Some days I’d daydream about the life I used to live, and for many years I used “When I Go Back Home [Botswana]” as a sign for this mystical moment in time where everything would be fine again. A couple of years ago, I did go back home. I traveled back to Botswana for the first time in 17 years, hoping there would be a piece of me there that would confirm that I once belonged there too. I visited my old elementary school and felt like a giant on this campus that once felt like my entire world when I was small. The familiar hallways and patches of grass and heat from the sun felt like a healing ceremony. I looked at one of the many murals on a wall and had a flashback that I contributed to this piece of art.
Pictured: Artwork from Danai’s elementary school and a plaque
I scanned it, looking for my name, my initials, anything. And there it was. A literal piece of me, in history.
Pictured: A close of up Danai’s artwork
I remember the day I made that piece of artwork, and something clicked in me at that moment that my sense of belonging had nothing to do with this place or the moments I so desperately yearned for, but had everything to do with my relationship with myself. I could be Canadian, Zimbabwean, immigrant and Black and all it meant is that I belonged to me; not to a place, person or a moment in time. Since moving to Canada, and even before being an expat kid in Botswana, I consciously carry around the perspective of being “other” in a culture that has not seen or experienced anything different from their norm. It really is the reason I’m so empathetic to the struggles of the immigration experience, and why I’m so sensitive to the stories about identity, and care so much about sharing them. It is a tremendously difficult thing to move to a new country or city or place all while trying to preserve what you believe to be true but that others don’t understand. I know that feeling all too well.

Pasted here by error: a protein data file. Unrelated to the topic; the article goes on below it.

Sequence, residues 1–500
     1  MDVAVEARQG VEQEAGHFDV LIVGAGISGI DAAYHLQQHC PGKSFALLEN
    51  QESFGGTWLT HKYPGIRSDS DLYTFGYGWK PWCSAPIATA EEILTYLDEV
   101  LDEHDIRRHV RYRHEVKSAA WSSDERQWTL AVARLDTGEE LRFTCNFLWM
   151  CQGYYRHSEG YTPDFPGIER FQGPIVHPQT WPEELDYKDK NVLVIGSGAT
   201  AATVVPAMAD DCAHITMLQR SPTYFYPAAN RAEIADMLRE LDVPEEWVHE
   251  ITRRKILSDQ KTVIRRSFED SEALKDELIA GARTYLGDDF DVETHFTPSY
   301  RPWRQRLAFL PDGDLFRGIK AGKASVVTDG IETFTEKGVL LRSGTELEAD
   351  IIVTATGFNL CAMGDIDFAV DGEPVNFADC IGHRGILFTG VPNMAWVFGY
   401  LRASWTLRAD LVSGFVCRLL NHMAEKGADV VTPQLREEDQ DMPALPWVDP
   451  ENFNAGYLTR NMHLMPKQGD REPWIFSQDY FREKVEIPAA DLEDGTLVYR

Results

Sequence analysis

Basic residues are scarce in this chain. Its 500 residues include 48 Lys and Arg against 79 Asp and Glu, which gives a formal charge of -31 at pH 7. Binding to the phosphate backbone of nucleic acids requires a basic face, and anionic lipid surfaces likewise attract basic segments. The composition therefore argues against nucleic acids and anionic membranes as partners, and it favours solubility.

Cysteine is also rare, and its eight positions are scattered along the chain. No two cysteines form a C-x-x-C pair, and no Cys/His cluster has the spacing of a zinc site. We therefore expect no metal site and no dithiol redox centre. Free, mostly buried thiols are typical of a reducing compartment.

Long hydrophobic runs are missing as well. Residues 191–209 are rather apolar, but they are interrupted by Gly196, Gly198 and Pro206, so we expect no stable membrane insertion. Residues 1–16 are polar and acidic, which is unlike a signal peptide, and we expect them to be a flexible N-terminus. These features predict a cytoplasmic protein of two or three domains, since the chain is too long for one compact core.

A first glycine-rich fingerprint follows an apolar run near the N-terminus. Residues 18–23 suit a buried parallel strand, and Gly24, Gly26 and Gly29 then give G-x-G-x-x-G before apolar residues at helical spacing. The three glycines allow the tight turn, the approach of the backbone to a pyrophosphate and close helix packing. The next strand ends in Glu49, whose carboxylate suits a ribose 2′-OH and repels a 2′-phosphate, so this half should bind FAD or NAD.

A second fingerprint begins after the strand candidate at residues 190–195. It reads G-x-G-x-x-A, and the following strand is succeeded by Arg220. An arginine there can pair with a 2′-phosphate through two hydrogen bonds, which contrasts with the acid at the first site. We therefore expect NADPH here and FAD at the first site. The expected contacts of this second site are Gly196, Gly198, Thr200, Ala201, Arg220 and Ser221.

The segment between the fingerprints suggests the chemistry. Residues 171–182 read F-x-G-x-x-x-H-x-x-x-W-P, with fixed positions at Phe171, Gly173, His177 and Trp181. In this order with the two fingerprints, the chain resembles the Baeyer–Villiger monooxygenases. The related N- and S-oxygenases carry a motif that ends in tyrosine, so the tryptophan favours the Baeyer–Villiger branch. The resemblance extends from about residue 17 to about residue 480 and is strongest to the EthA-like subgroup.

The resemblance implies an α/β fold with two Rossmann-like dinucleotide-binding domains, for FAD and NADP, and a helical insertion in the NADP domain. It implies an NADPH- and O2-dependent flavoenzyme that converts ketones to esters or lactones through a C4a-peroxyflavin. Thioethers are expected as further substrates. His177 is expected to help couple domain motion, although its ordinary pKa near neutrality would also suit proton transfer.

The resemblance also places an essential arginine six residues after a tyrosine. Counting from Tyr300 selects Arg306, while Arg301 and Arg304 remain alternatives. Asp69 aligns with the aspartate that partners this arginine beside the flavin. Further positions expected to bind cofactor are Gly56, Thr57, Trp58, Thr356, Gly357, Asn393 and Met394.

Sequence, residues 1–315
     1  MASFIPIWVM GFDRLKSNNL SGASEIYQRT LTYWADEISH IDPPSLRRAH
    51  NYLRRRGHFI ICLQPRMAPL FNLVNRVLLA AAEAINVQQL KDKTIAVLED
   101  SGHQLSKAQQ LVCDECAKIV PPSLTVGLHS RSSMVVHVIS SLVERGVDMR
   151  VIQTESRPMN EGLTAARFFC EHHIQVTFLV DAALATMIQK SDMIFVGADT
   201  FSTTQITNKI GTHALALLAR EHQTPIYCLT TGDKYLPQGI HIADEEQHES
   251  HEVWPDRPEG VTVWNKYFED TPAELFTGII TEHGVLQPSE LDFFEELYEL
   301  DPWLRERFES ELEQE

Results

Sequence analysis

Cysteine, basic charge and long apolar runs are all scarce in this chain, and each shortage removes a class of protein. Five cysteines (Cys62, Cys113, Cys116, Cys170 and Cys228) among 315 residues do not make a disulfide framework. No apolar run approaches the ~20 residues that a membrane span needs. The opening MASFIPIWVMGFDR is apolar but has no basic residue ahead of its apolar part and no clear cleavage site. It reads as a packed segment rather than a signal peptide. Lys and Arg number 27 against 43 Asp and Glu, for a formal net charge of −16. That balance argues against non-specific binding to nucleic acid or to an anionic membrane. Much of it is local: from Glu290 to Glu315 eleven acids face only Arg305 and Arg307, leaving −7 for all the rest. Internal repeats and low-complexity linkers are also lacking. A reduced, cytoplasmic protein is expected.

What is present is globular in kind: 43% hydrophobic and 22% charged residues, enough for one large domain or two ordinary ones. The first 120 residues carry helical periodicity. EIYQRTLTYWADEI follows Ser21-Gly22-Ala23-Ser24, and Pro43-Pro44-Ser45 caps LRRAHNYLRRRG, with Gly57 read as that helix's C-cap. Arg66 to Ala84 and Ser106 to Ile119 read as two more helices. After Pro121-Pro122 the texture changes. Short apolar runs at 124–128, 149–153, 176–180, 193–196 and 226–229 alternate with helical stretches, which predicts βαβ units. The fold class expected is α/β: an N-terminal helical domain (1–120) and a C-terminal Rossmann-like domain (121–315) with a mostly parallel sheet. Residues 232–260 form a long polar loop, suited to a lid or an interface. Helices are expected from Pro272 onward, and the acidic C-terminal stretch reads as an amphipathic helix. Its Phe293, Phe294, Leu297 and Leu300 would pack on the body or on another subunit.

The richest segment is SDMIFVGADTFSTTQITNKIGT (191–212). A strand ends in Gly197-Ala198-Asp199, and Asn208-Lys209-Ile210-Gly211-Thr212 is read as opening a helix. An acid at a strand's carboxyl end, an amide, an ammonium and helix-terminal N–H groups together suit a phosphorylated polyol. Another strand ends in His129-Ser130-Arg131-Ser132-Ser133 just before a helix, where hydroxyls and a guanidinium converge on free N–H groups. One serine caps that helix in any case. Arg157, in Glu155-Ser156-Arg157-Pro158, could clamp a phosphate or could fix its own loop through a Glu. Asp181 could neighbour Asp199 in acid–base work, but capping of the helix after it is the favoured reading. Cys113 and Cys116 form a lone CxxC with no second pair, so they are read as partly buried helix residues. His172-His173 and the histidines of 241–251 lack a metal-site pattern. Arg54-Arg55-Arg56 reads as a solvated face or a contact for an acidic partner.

Embracing my identity
I’m still trying not to place my worth in identifying as either Zimbabwean or Canadian. And while I’m a proud member of the BIPOC community, it’s OK for me to exist wholly as a human being. I am worthy to be respected and valued. Existing in the in-betweens of life means that I have free reign to carve out whatever life I want to create while always remembering my family’s journey to get to where we are. It’s a conscious decision every day to show myself grace for not knowing better when I was younger and giving me enough courage to stand up for myself and for those around me despite the confusions I’ve experienced. It’s taken me a long time to understand that.
When microaggressions happen to me — and they still do — I can’t help but think that what aggressors don’t realize is that careless comments or passing glares are not only harmful, but take away from the sacrifices that parents like my own made to ensure that I have the right to be standing on the same land they are standing on. I belong here, because I am a human being, not because of what I look like, sound like, can do for you, or how good I am. Simply because I do.
We’d like to thank Kids Help Phone influencer Danai Mushayandebvu for sharing her story of hope with young people across Canada!